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AJ Naylor school photo

Tony Naylor - Stained Glass Artist

My Dad, Anthony John Naylor, known to his friends and work colleagues as Tony, was born in Yardley, Birmingham, in October 1940.  He was, by his own admission, an average student who disliked school – he attended Corpus Christi primary school in Yardley and Erdington Abbey Secondary Modern School. He left at the earliest opportunity which, in the 1950s, was at the age of 15 to start a six-year apprenticeship in commercial art at Siviter Smith: Artists, Designers and Engravers, in Birmingham.

Not long out of his apprenticeship, he handed in his notice. He had come to realise that the life of a commercial artist, sitting at a bench all day, was simply not for him. However, after a few months of doing casual work, he found himself back at the bench but this time at Cadbury’s, the chocolate manufacturers in Bournville.

Still keen to get away from the bench, he accepted a job at John Hardman Studios. Hardman Studios (founded in 1838 and closed in 2008) was one of the world’s leading manufacturers of stained glass and ecclesiastical fittings. It was famous for its collaboration with the architect and designer Augustus Welby Pugin who designed St Chad’s Cathedral in Birmingham.


Dad loved the job, working mainly in modern glass applications including slab glass (dalle de verre). This technique involves setting pieces of coloured glass in a matrix of concrete or epoxy resin.

Devastatingly there was a massive fire at Hardman Studios in 1970, damaging the whole building. Although nobody was injured in the fire, it obviously had an impact on everyone working there. The atmosphere changed and a year later he left for a four-year stint on the inspection track at Land Rover, Solihull, followed by four years at Horizon Midlands, a package holiday company, as an in-house finished artist producing artwork for holiday brochures. During these years his focus was mainly on establishing a stable home. He had married Janet (my Mom) in 1964 and by now they had three daughters – Rachel (me), Lia and Ester.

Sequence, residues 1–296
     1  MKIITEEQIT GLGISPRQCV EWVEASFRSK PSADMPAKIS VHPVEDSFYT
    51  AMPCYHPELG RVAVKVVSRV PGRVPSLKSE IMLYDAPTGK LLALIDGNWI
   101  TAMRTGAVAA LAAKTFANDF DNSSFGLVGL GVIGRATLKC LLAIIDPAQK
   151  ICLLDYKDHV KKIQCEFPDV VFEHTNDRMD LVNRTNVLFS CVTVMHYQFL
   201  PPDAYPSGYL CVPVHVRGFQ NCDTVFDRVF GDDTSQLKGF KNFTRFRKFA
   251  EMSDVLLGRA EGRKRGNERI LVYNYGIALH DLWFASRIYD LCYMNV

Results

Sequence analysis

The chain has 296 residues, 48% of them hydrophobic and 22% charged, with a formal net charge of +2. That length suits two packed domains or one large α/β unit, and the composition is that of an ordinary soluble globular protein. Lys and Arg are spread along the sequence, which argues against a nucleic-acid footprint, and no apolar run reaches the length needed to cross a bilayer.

Dad started to wonder whether he could make a go of being self-employed, working in glass. He had learnt that a stained glass artist called Claude Price, who lived locally, had given a talk at St Edburgha’s Church in Yardley. One evening Dad went and knocked on his door and Claude, who was by then in his 70s, told Dad there was a gap in the market for someone doing glass repairs and restoration.

AJ Naylor at Hardman Studios working with slab glass
AJ Naylor soldering a window
AJ Naylor and daughters

He began doing small jobs for Claude, in evenings after work and at weekends, while Claude taught him the stained glass trade. It wasn’t as easy as he had thought, but he soon found he was getting into it and enjoying it.


In 1979, Dad took a leap of faith, handed in his notice at Horizon and went self employed as a stained glass artist, working from home. In the early days he teamed up with another stained glass artist he had previously worked with at Hardman Studios, Clive Sinclair. Clive was more of a ‘go-getter’ than Dad, and found work that Dad might not have otherwise found. But nevertheless, as Dad became more widely known, he was frequently contacted directly by the different churches themselves and other places that might be in need of a new window or repairs.


Some of his earliest works were new design commissions, the first of which was the Our Lady of Lourdes window at the Holy Family Church, Dagenham, featured here on this website. This was followed soon after by the Pentecost window at the Church of Our Lady and St Michael, Shipston-on-Stour (also on this website).


At the other end of the scale, Dad did window restoration work, including work on medieval windows. Some of this work was for Birmingham Museum, which holds a large collection of stained glass and cartoons (templates), some of which is on display in their Industrial Gallery.


Dad is now semi-retired but will take on jobs if they particularly appeal to him, and continues to do glass painting. Of his three daughters, Ester (the little one on his shoulders in the photo) is the only one who has shown a sustained interest in stained glass. She worked alongside him for several years as an informal apprentice, learning ‘the tricks of the trade’. She is now an independent stained glass artist with her own flourishing business of 20 years called Off the Wall Stained Glass.

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